PORTFOLIO ALANNAH ROBINS
” This is quite a magical work, which comes alive in the wood´s speckled light” – The Guardian. Take a walk in the Grizedale Forest Sculpture Park in Cumbria and you will come across the five meter tall wooden sculpture Woman of the Water by contemporary Irish artist Alannah Robins. This work is ranked by The Guardian as one of the top eight sculptures of the female figure in England in a group which impressively includes the artist Henry Moore. Yet another masterpiece by Alannah Robins – the bronze sculpture Reflex – is not more than a hand high. Between these two pieces exists a wide spectrum both in terms of size, material and expression.
Alannah is a member of Detroit Stockholm’s Collective Studio, Tyresö Konstnärer, Visual Artists Ireland, Catalyst Arts Belfast, and Fylkingen. She was an initiator and driving force behind the Atlantic Artists’ Association which ran a collective studio and gallery space on the West coast of Ireland for nine years. She is also the Founder and Creative Director for the Interface Residency Programme in Ireland.
– I love the weather in Irish Connemara, with its rain and strong winds. Sometimes the strength of the wind can damage a car door when you step out, but it reminds me that I’m alive. After fourteen years of living in this remote community, we wanted to try living in a new culture. In Ireland, we often live separated because of working conditions. When my husband was working in Stockholm eight years ago, the children and I joined him for a month. We felt then that it was a place we could return to more long-term.
– Sometimes I wonder how we could exchange our beautiful Connemara home, with views of mountains and sea for a suburban view of apartment windows. However the environment itself, the black and white of Sweden’s winter months, the bright windows contrasting with the darkness has actually inspired me artistically. Here suburbs are built somewhere between the pulse of the city and the woodland, feeling like some kind of in between place, where as Dublin’s suburbia tends to sprawl continually from the city itself.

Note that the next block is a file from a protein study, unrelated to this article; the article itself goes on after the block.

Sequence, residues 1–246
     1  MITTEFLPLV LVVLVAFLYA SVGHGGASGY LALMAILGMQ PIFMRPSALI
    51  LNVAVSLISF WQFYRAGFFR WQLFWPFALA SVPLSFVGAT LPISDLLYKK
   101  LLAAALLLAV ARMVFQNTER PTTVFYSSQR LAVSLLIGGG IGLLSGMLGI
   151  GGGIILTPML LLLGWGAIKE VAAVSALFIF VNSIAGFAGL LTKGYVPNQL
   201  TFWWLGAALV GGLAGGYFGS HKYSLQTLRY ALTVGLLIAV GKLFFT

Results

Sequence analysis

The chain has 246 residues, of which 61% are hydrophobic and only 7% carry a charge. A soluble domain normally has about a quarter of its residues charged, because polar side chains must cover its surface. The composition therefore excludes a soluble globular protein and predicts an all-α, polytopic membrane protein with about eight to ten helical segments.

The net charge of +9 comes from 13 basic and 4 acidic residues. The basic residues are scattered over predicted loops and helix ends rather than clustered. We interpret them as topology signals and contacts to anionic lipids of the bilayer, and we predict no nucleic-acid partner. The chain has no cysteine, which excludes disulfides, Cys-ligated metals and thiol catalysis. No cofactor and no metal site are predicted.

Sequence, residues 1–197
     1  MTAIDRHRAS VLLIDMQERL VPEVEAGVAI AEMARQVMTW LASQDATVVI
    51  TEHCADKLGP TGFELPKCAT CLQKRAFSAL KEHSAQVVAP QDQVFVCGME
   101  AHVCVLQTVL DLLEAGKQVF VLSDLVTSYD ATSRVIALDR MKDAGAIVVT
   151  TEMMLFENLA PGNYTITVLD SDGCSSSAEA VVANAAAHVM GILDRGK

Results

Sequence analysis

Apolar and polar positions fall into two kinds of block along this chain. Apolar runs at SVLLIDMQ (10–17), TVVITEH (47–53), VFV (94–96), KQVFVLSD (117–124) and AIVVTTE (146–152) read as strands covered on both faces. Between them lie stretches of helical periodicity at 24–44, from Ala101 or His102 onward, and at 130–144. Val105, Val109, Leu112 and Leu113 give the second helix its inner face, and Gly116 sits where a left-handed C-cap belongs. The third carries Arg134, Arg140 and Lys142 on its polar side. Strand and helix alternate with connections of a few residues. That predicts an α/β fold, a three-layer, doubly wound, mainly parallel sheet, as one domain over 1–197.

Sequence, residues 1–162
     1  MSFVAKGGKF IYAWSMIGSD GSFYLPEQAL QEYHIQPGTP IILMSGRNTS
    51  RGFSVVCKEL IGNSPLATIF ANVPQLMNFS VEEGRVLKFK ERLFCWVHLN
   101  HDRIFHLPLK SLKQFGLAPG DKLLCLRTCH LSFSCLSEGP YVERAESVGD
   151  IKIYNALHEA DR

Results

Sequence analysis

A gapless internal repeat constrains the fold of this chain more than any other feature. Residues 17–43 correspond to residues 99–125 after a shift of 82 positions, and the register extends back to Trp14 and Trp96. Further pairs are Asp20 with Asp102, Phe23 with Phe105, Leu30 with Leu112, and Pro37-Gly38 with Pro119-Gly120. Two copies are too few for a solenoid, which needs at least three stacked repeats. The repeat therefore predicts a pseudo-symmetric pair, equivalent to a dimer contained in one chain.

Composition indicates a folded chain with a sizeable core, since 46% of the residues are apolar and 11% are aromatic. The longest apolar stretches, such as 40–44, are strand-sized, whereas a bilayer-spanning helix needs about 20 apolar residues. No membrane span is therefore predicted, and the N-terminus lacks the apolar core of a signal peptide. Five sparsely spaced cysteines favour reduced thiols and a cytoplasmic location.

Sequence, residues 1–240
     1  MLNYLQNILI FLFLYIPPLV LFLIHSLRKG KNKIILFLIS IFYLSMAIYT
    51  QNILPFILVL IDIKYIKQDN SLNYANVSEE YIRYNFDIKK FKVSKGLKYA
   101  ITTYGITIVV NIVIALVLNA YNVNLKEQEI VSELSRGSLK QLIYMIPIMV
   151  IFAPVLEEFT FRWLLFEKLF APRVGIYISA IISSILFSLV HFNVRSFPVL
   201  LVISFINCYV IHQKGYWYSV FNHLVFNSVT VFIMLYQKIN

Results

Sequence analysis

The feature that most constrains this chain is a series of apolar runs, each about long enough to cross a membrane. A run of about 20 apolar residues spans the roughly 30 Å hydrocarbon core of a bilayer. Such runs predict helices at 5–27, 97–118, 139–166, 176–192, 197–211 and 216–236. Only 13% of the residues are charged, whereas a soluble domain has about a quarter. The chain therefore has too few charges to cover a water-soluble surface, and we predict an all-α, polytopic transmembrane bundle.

Alannah’s work revolves around themes of identity, memory, migration and man’s relationship with nature. Finding herself as an immigrant in Sweden, Alannah uses her artwork to explore this state of displacement, of not quite belonging.
– We found ourselves in a place that lies between cultures, between languages and between countries. This is relevant to so many people today. Cheap flights have resulted in many people having a foot in two different countries or even more. In Ireland there is furthermore a long history of immigration for work, and there are Irish communities and sports teams the world over. This is a subtle displacement, and obviously not comparable to the experience of those fleeing war or political oppression. I am interested in the image of the suburb as a metaphor for that in between state in which we immigrants find ourselves. I find echoes of it in Yeats’s poem The Stare’s nest by my window ‘…the bees build in the crevices of loosening masonry…’
In the artpiece Alla Helgons Dag Alannah explores another in-between state, that of life and death. In this work Alannah first rolled thick black printing ink over clinical white tiles and through various reductive processes, removed the ink, creating a collage of images. The recurring images are reminiscent of woodland, suburban housing and the lit graves of All Saints Day.